Criminal Law, Pages 128–131

Commonwealth v. Pestinikas

Superior Court of Pennsylvania, 1992


The victim, Kly, consulted with defendants about pre-arranging his funeral. He had a medical condition that made it very hard for him to swallow food and was hospitalized for this the next year. He did not wish to go back to his stepson's house when he was discharged, so he arranged for defendants to care for him in their home in 1982. They were advised of what was required, and orally agreed to supply the victim with food, shelter, care, and medicine as he required.

However, defendants never filled the victim's prescription and moved him to a porch at another building they owned. This porch was 9'x30', had no insulation, refrigeration, bathroom, sink, or telephone, and cracks in the walls exposed the victim to the elements. Defendants also tried to conceal his whereabouts and lied to those inquiring about where he was.

Defendants also had their names added to his savings account and transferred it to an account where defendants could access it without his permission. They initially only withdrew their $300 fee, after the first year they began withdrawing larger sums. Defendants had withdrawn roughly $30,000 in the year afterwards, leaving only $55 in the account when Kly died.

In 1984, Kly starved to death after 2½ years of being "cared for" by defendants. Defendants called the police and claimed to have given him cookies and juice that morning, but an autopsy revealed that he had been dead for up to thirty-nine hours beforehand. In addition, he would have slowly and painfully starved for a long period before he died.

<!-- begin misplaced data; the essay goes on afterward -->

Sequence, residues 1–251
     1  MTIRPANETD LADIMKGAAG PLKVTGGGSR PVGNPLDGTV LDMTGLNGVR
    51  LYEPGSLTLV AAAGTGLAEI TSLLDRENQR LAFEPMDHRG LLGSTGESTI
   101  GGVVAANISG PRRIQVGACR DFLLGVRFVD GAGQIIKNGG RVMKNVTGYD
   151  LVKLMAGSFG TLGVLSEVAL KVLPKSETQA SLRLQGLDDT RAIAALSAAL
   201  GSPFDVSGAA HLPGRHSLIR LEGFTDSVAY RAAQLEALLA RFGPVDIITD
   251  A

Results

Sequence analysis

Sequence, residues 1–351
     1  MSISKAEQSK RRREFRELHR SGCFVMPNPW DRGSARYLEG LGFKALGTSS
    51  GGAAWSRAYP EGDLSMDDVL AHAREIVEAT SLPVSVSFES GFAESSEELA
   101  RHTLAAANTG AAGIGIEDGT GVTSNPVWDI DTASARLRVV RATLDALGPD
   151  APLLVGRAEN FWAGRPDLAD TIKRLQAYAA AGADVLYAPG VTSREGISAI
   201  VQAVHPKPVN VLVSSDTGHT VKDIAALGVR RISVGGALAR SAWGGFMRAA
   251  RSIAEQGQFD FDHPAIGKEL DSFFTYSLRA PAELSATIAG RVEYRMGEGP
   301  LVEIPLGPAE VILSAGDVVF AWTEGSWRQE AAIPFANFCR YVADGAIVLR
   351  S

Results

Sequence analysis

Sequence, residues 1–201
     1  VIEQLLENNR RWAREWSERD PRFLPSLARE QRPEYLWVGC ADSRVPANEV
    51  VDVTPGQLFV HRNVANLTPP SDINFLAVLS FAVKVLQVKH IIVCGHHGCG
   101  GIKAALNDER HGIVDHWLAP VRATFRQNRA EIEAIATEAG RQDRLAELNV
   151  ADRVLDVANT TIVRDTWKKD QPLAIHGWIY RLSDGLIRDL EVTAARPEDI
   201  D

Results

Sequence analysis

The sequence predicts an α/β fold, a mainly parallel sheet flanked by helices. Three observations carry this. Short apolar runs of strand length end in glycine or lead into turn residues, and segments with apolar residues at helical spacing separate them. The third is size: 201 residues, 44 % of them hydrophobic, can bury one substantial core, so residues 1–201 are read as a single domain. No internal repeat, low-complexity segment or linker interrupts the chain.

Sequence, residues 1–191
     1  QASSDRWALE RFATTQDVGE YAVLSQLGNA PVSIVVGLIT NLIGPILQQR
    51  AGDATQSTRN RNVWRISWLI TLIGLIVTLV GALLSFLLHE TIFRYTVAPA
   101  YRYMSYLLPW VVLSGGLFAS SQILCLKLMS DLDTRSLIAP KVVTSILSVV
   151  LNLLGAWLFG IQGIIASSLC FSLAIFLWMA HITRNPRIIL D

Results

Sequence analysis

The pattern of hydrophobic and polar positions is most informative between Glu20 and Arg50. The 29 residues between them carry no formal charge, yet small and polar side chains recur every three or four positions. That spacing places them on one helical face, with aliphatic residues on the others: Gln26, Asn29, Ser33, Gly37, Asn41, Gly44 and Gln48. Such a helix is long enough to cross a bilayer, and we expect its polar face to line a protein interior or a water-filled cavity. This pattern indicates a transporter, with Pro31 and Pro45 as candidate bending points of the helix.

Procedural History:

Trial court held that defendants could be guilty of murder for the alleged acts if a contract imposed a duty upon them. Thereafter, the jury found defendants guilty of third-degree murder.


Were defendants guilty of murder?


LexisNexis IconWestLaw LogoGoogle Scholar LogoPage 129–130
18 Pa.C.S. § 301
  1. General rule. — A person is not guilty of an offense unless his liability is based on conduct which includes a voluntary act or the omission to perform an act of which he is physically capable.
  2. Omission as basis of liability. — Liability for the commission of an offense may not be based on an omission unaccompanied by action unless:
    1. the omission is expressly made sufficient by the law defining the offense; or
    2. a duty to perform the omitted act is otherwise imposed by law.


Several other states have upheld convictions for manslaughter for starving people. A duty imposing a duty is a legal duty. This is what the law means by a duty imposed by law, as opposed to merely having a moral duty. A failure to fulfill this legal duty then may be the basis for a charge of criminal homicide if the failure causes another's death. As there was evidence that defendants' failure to provide food and medical care for Kly did cause his death, their omission was sufficient to support their conviction. Murder also requires mens rea, which is for a jury to decide.


Yes, defendants' malicious failure to act with a contractual duty of care was sufficient to find them guilty of murder. Affirmed.